The warmest day of a Southern California heat wave will bring temperatures well into triple digits Friday before a hot weekend.
Temperatures over 100 degrees are expected throughout the valleys, meaning an excessive heat warning for the valleys and mountains through Saturday evening. Temperatures will drop only slightly Saturday before a more significant cooldown Sunday.
"We're running well above the average," said NBC4 forecaster Crystal Egger. "We've also added in a slight northerly wind. It's dry, and it's blazing hot again today."
The heat, dry conditions and wind bring increased fire danger risk. A red flag warning is in effect until midnight Saturday in the Los Angeles County Mountains, Angeles National Forest and Antelope and Santa Clarita valleys.
Friday's highs will hit the mid-80s at the beaches and the upper 90s to triple digits inland, with temps hovering around 105 to 110 degrees in parts of the San Fernando, Santa Clarita, San Gabriel and Antelope valleys.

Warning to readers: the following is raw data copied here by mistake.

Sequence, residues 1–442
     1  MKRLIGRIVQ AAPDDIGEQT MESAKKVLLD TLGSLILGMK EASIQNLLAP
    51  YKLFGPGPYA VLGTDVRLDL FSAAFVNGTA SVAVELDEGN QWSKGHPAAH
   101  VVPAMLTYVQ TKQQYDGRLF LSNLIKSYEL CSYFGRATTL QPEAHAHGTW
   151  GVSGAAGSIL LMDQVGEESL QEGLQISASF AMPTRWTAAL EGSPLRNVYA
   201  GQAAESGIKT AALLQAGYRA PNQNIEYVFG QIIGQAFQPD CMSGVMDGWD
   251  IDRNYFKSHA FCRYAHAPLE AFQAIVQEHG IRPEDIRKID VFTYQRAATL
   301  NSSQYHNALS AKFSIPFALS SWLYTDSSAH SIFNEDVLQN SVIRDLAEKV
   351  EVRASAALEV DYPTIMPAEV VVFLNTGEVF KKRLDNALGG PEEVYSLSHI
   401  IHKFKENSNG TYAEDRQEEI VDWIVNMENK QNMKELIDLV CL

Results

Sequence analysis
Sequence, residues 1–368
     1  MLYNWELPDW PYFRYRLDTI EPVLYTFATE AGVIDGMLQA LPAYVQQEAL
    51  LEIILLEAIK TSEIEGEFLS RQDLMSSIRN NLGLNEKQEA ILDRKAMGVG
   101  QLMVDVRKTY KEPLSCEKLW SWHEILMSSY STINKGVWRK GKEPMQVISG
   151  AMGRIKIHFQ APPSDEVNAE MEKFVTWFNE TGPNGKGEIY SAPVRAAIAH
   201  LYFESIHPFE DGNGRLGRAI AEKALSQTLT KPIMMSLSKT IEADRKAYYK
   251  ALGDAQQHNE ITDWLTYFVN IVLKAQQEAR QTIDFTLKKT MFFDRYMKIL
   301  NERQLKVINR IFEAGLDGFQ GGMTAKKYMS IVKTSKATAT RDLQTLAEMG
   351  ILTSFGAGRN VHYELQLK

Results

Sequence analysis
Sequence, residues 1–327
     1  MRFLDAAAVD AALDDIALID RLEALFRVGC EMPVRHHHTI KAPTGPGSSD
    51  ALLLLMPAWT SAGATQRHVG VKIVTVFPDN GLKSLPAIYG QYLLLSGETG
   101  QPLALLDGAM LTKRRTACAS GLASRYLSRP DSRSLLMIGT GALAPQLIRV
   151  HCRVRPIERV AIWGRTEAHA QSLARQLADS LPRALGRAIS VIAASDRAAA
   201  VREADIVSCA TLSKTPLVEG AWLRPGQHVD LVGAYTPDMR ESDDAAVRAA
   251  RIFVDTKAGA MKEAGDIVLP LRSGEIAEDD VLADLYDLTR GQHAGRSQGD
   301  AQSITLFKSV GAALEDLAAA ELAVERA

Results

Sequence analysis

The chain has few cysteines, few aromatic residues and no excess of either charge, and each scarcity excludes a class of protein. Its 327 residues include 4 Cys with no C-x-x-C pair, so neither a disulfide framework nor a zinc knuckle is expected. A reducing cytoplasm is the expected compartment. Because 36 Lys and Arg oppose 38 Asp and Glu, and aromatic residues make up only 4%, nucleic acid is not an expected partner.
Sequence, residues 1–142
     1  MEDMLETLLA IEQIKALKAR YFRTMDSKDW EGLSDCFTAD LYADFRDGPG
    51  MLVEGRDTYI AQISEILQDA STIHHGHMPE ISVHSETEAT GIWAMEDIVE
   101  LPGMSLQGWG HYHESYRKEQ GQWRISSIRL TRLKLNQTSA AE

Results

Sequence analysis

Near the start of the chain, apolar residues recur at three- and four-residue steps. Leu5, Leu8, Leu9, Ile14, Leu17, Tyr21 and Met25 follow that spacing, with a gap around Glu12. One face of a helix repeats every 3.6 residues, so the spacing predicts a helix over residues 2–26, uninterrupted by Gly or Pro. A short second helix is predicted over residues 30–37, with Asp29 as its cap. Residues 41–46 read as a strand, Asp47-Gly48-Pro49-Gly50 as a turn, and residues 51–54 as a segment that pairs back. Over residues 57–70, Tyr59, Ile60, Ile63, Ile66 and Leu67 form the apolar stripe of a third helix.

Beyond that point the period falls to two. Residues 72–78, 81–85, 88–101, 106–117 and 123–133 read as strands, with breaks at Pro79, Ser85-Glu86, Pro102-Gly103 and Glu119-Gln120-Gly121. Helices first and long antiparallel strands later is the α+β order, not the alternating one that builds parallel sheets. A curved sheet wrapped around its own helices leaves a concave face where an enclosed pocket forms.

The persistent heat is due to a "dome of hot air" over the region, Egger said.
"It's like putting a lid on top of hot water on a stove. It just continues to heat up."
The three-day stretch marks the 10-year anniversary of one of the hottest series of days on record for any month in Southern California. On July 22, 2006, the temperatures in Woodland Hills reached 119, the all-time high for any of our climate stations.
Inland areas could see higher-than-normal temperatures as late as next Tuesday, although coastal areas should see some cooling beginning Sunday. The Coachella Valley is entering the third day of a heat wave, and highs are expected to range from 114 to 119 degrees in the valley.
Temperatures inland will not quite reach the record-breaking marks seen late last month, but desert residents can expect the mercury to hover around 115 degrees until at least Tuesday.
Friday's high in Riverside is expected to be 109. A high of 117 degrees was recorded in Palm Springs on Thursday, along with marks of 116 degrees in Thermal and 114 degrees in Indio.
The "heat dome" is covering much of the United States, leaving hundreds of millions of Americans in sweltering conditions. Twenty-one states are under a heat alert with some areas climbing above 115 degrees with high humidity.
Even President Obama tweeted a reminder about the dangerous conditions.